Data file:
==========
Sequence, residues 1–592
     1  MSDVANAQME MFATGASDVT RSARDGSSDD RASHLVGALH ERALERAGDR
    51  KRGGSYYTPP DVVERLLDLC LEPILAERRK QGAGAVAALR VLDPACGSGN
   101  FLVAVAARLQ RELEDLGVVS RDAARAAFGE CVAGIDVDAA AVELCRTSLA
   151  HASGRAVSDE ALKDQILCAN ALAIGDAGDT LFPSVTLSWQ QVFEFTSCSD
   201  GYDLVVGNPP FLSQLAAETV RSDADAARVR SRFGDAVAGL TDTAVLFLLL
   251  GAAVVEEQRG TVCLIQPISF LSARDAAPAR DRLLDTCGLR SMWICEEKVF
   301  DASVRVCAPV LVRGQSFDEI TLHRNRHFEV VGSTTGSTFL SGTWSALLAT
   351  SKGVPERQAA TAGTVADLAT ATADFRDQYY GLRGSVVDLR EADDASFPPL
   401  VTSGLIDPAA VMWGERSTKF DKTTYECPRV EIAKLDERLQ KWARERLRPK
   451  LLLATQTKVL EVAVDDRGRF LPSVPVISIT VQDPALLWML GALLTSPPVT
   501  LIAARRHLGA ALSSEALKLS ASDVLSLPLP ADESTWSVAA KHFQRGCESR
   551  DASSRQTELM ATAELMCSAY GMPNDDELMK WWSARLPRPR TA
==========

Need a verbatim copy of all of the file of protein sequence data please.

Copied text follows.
Sequence, residues 1–592
     1  MSDVANAQME MFATGASDVT RSARDGSSDD RASHLVGALH ERALERAGDR
    51  KRGGSYYTPP DVVERLLDLC LEPILAERRK QGAGAVAALR VLDPACGSGN
   101  FLVAVAARLQ RELEDLGVVS RDAARAAFGE CVAGIDVDAA AVELCRTSLA
   151  HASGRAVSDE ALKDQILCAN ALAIGDAGDT LFPSVTLSWQ QVFEFTSCSD
   201  GYDLVVGNPP FLSQLAAETV RSDADAARVR SRFGDAVAGL TDTAVLFLLL
   251  GAAVVEEQRG TVCLIQPISF LSARDAAPAR DRLLDTCGLR SMWICEEKVF
   301  DASVRVCAPV LVRGQSFDEI TLHRNRHFEV VGSTTGSTFL SGTWSALLAT
   351  SKGVPERQAA TAGTVADLAT ATADFRDQYY GLRGSVVDLR EADDASFPPL
   401  VTSGLIDPAA VMWGERSTKF DKTTYECPRV EIAKLDERLQ KWARERLRPK
   451  LLLATQTKVL EVAVDDRGRF LPSVPVISIT VQDPALLWML GALLTSPPVT
   501  LIAARRHLGA ALSSEALKLS ASDVLSLPLP ADESTWSVAA KHFQRGCESR
   551  DASSRQTELM ATAELMCSAY GMPNDDELMK WWSARLPRPR TA